Toyota Prius road trip

Road trippin’ in comfort!

I’m not a very materialistic person. I don’t get attached to things easily. But, Prius (OK, we’ll name her that), she was mine. She was the first thing I had ever invested in. The first thing, other than my cats, I was truly responsible for. In a way, she was my real passage into adulthood. Not moving to Vegas, not getting a job, but owning a car.

Drive Toyota Prius

More than 3,000 miles crossing America … thanks to my friend, Prius.

But, at the end of the day, she was expensive. Really, really expensive. And, living in Thailand with no expected return date to the States? Well, there’s is no reason to continue to pay off a loan when I don’t even get to enjoy driving her.

There are times now in Chiang Mai when I will see a Prius drive by, silent in its passing, and I will smile to myself and think of the memories I have of my girl. Then, I look around at where I am and know I made the right decision. Hopefully, little Prius is making someone else as happy as she made me.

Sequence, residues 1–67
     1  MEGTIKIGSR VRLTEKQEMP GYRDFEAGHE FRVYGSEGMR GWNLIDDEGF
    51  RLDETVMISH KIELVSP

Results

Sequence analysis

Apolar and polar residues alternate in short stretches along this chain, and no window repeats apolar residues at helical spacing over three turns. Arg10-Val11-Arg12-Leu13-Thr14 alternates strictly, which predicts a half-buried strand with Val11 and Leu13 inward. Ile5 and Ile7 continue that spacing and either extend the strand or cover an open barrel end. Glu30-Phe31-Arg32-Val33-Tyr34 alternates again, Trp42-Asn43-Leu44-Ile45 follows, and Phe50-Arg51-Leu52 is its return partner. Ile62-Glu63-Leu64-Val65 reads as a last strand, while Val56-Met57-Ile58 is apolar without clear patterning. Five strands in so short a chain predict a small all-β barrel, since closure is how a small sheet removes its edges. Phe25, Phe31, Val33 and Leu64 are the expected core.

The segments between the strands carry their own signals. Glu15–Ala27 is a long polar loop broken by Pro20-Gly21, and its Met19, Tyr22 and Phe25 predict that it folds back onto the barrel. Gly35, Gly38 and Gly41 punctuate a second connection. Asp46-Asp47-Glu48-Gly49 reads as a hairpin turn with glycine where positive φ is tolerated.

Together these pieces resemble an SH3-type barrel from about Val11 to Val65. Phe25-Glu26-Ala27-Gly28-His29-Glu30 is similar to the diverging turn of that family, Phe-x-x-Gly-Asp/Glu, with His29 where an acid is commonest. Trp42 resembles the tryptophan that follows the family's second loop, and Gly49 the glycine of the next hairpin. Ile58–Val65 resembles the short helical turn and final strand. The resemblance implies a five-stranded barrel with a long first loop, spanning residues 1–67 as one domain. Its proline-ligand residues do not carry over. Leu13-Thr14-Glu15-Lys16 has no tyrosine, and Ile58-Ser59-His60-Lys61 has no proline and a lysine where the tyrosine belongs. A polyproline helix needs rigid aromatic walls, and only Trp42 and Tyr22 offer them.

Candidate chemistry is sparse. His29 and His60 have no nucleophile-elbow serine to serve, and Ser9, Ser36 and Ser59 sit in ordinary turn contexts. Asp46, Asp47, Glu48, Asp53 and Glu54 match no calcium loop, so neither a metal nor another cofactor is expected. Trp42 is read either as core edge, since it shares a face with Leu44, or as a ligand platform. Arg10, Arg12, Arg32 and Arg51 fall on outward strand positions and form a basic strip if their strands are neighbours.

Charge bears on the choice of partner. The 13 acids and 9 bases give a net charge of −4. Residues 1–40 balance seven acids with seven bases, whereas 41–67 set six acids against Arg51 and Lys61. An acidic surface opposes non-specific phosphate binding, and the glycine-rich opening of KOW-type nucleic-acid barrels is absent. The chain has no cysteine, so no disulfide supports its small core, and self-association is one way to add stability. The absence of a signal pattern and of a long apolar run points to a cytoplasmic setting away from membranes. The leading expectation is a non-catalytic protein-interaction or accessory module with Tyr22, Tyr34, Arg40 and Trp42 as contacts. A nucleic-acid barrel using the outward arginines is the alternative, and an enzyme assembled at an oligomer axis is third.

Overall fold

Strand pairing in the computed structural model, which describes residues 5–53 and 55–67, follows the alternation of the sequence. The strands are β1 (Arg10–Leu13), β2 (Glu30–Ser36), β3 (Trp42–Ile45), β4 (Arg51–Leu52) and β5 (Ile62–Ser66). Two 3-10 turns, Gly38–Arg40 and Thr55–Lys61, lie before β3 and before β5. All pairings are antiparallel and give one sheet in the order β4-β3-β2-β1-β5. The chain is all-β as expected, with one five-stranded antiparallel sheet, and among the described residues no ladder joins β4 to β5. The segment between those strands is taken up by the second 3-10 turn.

Americas Blog Expat Life Maryland Nevada

Goodbye, America

I’m quiet on the drive to Dulles from my house.

I’ve already cried saying goodbye to the pups, and now, staring out the window as the suns rays just begin to kiss the tops of the trees, I hold back tears.

I’m leaving America. I am leaving the life I know.

I don’t take my eyes off of my surroundings as we drive, but my mind wanders back through the past few months. Through my Las Vegas life, my road trip, coming home to spend time with my friends and family in Maryland, my last night in America … moments flash before me as I tuck the memories, the images, into the back of my mind to pull up when I feel my heart ache.

Packing for life as an expat

The original plan is to drop me off at Departures. But now, after an entire day spent sorting and packing and unpacking and sorting and then vacuum packing (and tears), I’ve managed to convince my parents to park the car and head into ticketing with me.

I’m just not ready to say goodbye.